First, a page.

- Aubrey Lam, whose Twelve Nights is a personal favorite, has a new film coming out called “Anna and Anna” starring Karena Lam. However, its plot description of two women in difference places that look the same sound somewhat similar to The Double Life of Veronique.

The Golden Rock Box Office Report - 8/28/07

Sorry for the break yesterday (I actually did write something), but I’m back today with a news post later. But first, your Asian box office report.

- In Hong Kong, only 4 of the five openers made it to the top 10 on the Sunday box office top 10. Evan Almighty is on top, having made HK$1.09 million from 29 screens for an impressive 4-day total of HK$3.97 million. Next on the openers list is the sci-fi flop The Invasion. From 28 screens, the Nicole Kidman-starring remake made an OK HK$470,000 from 28 screens for 3rd place and a 4-day total of HK$1.85 million. Third is the Thai horror film Alone with HK$260,000 from 16 screens for a HK$1.18 million 4-day gross. 4th is the Japanese animated film The Girl Who Leapt Through Time, making HK$190,000 on 16 screens and a 4-day total of HK$600,000. It’s hard to call this a disappointment, because it actually only did solid independent film numbers in Japan as well.

So what film does that left us? The John Woo-produced Blood Brothers! Because it’s not even on the top 10, I can’t even tell how much it made on Sunday (definitely less HK$150,000 on 20 screens that aren’t even showing it all day), but Variety reports that it’s only made HK$600,000 so far. At least it’s doing pretty well in China, where they must love all that moralizing about brotherhood. Nevertheless, they already took down that huge billboard for the film at the Kowloon side of the Harbor Tunnel. Such a realistic world this is.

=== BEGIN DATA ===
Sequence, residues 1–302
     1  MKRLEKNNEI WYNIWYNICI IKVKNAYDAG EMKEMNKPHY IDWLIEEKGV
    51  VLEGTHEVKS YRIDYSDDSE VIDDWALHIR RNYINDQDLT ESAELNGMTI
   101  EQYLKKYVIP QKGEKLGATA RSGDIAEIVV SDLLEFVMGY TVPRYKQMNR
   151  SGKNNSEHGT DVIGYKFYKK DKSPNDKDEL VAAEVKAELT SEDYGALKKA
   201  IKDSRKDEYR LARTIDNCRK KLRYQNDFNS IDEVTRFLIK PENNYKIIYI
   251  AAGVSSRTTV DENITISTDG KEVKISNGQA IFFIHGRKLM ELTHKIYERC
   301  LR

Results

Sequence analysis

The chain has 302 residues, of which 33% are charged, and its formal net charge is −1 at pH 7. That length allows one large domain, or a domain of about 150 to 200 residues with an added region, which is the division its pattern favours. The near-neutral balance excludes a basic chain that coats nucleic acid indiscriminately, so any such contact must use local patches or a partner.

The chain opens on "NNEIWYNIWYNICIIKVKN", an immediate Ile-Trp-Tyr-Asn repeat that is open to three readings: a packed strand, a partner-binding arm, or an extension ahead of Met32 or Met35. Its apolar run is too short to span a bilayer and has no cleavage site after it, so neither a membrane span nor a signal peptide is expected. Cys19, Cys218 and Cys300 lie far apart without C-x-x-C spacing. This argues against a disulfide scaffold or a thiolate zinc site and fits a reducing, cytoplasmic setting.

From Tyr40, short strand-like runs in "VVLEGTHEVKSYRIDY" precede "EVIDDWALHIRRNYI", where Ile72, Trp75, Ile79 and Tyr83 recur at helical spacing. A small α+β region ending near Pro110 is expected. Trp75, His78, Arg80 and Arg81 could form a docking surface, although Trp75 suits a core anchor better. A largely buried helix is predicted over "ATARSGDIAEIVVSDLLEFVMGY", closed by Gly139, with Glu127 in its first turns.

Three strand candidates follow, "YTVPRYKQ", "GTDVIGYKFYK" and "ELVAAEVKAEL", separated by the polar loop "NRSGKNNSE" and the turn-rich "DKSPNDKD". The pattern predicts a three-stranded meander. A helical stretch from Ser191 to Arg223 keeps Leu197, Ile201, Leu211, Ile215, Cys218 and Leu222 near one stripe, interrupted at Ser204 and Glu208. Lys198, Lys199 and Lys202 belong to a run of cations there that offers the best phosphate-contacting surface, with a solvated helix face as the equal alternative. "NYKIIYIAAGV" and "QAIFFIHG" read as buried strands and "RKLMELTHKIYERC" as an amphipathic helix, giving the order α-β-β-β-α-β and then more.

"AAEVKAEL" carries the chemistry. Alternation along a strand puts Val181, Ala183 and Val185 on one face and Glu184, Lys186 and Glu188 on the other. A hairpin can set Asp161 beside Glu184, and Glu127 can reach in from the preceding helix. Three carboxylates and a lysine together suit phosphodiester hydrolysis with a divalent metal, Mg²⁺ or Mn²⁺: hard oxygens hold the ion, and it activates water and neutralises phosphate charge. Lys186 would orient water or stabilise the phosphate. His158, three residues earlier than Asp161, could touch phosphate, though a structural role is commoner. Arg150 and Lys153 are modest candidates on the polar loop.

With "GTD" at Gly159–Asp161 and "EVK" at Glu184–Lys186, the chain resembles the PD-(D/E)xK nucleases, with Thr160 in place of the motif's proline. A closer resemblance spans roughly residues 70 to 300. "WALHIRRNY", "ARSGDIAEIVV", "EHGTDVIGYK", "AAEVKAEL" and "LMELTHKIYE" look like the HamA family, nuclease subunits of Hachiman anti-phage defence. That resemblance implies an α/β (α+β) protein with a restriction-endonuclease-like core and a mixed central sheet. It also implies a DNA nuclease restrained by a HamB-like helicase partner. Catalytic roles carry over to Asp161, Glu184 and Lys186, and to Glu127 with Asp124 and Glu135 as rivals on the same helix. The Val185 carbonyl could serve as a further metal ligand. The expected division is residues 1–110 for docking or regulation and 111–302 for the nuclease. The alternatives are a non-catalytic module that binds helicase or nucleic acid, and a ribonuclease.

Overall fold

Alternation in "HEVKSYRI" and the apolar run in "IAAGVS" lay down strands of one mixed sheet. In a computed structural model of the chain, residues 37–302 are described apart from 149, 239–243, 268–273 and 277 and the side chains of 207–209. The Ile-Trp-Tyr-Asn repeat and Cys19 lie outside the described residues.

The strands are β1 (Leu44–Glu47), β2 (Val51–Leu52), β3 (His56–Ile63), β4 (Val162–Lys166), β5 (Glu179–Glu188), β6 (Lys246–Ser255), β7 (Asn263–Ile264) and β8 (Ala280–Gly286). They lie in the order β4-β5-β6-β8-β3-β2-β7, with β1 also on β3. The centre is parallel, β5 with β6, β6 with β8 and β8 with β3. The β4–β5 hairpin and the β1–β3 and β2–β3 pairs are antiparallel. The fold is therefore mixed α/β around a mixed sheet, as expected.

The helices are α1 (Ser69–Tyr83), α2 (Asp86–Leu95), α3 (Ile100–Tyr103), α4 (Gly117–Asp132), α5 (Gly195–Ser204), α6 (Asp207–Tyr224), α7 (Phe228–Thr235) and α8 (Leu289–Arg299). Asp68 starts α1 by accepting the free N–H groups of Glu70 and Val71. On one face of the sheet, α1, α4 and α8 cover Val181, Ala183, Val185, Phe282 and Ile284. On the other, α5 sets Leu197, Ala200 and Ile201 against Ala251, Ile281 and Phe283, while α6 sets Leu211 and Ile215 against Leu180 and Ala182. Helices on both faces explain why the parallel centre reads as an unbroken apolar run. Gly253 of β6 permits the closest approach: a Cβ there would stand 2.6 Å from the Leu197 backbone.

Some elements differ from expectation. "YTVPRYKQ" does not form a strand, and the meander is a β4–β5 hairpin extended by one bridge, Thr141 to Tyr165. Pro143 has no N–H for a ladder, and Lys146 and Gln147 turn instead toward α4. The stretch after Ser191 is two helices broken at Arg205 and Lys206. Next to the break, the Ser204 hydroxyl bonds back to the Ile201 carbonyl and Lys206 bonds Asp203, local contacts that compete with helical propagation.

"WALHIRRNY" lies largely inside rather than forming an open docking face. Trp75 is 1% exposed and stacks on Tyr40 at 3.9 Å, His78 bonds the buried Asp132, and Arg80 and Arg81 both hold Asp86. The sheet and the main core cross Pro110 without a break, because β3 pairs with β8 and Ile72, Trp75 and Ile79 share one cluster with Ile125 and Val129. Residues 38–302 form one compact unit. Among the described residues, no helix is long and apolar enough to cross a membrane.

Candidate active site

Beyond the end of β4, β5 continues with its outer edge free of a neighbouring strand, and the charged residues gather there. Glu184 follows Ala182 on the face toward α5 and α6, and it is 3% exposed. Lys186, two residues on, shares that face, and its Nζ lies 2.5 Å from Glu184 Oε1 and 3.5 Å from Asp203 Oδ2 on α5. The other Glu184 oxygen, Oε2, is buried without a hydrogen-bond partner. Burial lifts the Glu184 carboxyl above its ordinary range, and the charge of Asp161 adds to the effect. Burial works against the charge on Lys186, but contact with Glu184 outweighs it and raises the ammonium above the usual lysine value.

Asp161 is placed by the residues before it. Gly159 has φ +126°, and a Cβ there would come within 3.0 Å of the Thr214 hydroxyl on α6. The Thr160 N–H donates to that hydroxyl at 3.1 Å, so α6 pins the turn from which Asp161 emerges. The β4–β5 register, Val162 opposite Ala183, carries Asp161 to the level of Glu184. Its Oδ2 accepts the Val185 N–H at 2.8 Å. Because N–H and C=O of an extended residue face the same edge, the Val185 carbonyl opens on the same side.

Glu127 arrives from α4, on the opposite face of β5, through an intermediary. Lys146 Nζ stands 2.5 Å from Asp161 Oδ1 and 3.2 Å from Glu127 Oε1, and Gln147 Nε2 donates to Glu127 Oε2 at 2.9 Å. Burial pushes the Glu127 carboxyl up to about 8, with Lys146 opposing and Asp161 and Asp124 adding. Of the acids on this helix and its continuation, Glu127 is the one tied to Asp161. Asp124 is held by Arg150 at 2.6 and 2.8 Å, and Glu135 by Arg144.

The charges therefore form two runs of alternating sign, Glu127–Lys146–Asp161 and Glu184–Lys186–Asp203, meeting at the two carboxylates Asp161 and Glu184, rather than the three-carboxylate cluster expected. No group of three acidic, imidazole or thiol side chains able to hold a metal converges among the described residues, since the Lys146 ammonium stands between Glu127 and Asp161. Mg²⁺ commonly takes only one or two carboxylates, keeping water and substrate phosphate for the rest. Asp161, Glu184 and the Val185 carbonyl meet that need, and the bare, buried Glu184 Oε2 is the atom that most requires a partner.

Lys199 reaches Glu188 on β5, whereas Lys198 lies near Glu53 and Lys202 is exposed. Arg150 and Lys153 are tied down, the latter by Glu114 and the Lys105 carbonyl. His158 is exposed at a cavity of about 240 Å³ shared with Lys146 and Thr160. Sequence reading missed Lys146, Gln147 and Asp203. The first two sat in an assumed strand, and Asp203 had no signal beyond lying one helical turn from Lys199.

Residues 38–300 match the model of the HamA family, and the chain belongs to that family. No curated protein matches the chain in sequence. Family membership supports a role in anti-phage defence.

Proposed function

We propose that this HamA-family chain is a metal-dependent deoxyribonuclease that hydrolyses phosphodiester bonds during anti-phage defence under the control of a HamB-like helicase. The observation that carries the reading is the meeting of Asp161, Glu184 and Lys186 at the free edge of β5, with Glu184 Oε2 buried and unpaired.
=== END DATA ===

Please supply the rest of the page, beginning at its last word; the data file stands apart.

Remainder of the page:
In holdovers, Rush Hour 3 made only HK$430,000 from 34 screens for a 11-day total of just HK$6.69 million (very bad for a Jackie Chan movie); Ratatouille is still going very very strong with HK$580,000 from 30 screens for a 25-day total of HK$23.13 million; and Jay Chou’s Secret (the secret? It kind of sucks) is still around with HK$240,000 from 22 screens on Sunday for a 25-day total of HK$12.89 million, and may very well surpasses Invisible Target’s gross. It’s considered an Hong Kong film?

- In Korea, the period film May 18 retook the top spot, bumping dragon movie D-War down the second place. The two Korean-movie-industry saviors have now attracted 6.61 million and 8 million admissions, respectively. What’s more impressive this week is actually the fact that 8 of the ten films are Korean, showing a resurgence of popularity (or just more attractive movies coming out?) for local films.

- Japanese box office numbers aren’t out yet, but the audience ranking shows that Harry Pot-tah once again takes the top spot, with Rush Hour 3 and the Japanese tear-inducing drama Life Tengoku De Kimi Ni Aetara taking the second and third spot, respectively.

Specifically, the opening for “Life” is actually pretty good, making 194 million yen over its opening weekend. That’s actually 145% of the opening for star Takao Ozawa’s previous film Bizan (which made 1.2 billion yen). However, many of these films require word of mouth to get Bizan’s numbers.

News post up next.